Muybridge, Eadweard
Englishman, Muybridge was a successful photographer when he was approached by Leland Stanford. Stanford, Governor of California wanted to take "instantaneous" photographs of his horse in order to settle a dispute as to whether all four hooves left the ground at the same time.

He acheived this by setting a battery of twelve cameras along side the track. The shutter of each camera was attached to a trip wire which exposed a frame as the horse ran and tripped the shutter. Muybridge adapted the phenakistocope to project which he called the Zoopraxinoscope and travelled giving lectures on Animal Locomotion.

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Nickleodeon
Typically storefront theatres or Kinetoscope parlours, so-called as they would often charge a nickel for entry.

 

 

Ott, Fred
A worker at Edison's Factory was chosen to be photographed in "The Sneeze" - one of the first recording made for the Kinetoscope.

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Panopticon
Another name for the Latham's Eidoloscope

Paul, Robert
British Born engineer, who, in 1894 was asked to make some Kinetoscope copies. Realising he would need films for this device he turned to Birt Acres and together they began work on a camera based on Marey's chronophotographe but using 35mm film. The two entered into a ten year business agreement which lasted just six weeks before they fell out. Paul developed a projector on his own - the Theatrograph and gave regular screenings at Music Halls around London. (Go to topic)

Peepshow
Word used to describe single viewer attractions such as the Kinetoscope and the Mutoscope - getting its name from the fact you have to peep into a eye-hole to view the show.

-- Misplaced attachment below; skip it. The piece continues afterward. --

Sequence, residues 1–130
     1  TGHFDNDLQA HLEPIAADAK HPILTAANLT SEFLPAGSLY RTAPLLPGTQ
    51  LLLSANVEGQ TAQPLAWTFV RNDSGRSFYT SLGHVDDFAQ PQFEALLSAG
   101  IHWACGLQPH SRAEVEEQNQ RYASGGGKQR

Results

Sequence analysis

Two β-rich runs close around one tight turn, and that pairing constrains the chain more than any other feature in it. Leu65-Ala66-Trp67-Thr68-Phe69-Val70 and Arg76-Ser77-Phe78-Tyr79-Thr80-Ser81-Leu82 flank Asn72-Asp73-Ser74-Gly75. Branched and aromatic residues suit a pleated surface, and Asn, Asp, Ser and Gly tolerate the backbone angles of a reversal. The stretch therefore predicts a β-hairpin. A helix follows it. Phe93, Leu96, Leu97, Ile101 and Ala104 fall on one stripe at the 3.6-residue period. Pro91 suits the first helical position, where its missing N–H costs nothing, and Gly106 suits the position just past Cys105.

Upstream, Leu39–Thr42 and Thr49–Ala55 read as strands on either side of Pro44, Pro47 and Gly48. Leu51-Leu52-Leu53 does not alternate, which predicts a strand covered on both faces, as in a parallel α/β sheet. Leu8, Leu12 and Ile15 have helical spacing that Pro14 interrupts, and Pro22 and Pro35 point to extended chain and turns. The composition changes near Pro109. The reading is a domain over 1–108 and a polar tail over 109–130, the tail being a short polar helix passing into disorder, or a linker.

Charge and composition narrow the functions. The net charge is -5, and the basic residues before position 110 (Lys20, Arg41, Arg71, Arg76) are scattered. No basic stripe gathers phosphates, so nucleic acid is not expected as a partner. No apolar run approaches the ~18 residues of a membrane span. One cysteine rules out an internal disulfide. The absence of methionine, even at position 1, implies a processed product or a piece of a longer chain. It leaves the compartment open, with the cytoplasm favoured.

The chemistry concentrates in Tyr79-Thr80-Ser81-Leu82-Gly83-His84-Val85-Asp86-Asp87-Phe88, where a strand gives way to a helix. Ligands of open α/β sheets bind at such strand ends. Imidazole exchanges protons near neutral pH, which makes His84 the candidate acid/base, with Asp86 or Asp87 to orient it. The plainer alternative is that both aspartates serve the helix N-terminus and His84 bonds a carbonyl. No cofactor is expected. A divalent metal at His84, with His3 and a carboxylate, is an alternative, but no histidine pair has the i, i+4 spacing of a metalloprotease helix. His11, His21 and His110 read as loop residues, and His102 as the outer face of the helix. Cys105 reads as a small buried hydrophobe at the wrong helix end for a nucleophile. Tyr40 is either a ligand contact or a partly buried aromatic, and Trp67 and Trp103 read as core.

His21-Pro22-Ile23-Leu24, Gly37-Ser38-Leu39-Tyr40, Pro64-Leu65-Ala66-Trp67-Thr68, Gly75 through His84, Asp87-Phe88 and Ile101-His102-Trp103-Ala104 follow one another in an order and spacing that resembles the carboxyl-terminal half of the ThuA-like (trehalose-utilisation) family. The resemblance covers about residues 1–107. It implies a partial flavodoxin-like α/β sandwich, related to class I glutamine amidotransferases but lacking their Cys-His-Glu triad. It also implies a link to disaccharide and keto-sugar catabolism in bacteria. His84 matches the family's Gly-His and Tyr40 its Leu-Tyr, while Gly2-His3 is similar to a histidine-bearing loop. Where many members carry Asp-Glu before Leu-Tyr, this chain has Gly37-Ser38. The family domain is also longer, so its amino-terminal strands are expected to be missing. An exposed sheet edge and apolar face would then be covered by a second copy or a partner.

Persistence of Vision
The idea that if you run lots of sequential images past the eye with some sort of intermittent device, the brain will be fooled into thinking that what you are seeing his actually moving.

Phantom Rides
Popular in early cinema - a camera is mounted on the front or the rear of a train or other vehicle as the train moves. This can be seen the Lumière's 'Leaving Jerusalem' film.

Phenakistoscope
An optical toy which illustrates the Persistence of Vision principle. Two disks are mounted on the same axis, the first has slots in it around the edge, the second, sequential pictures. When spun in alternate directions and viewed through the holes in the mirror - the images appear to move.

Phonograph
Edison's sound recorder - sound is etched into the tinfoil covering of a cylinder.

Photographic Gun
Developed by Marey based on ideas by Janssen, it was used primarily for the study of birds in flight

Plateau, Joseph
Taking Farday's wheel as an example Plateau developed an optical toy - the phenakistoscope.

Porter, Edwin S.
Filmmaker of such classics as 'The Great Train Robbery' and 'Life of an American Fireman'. (Go to topic)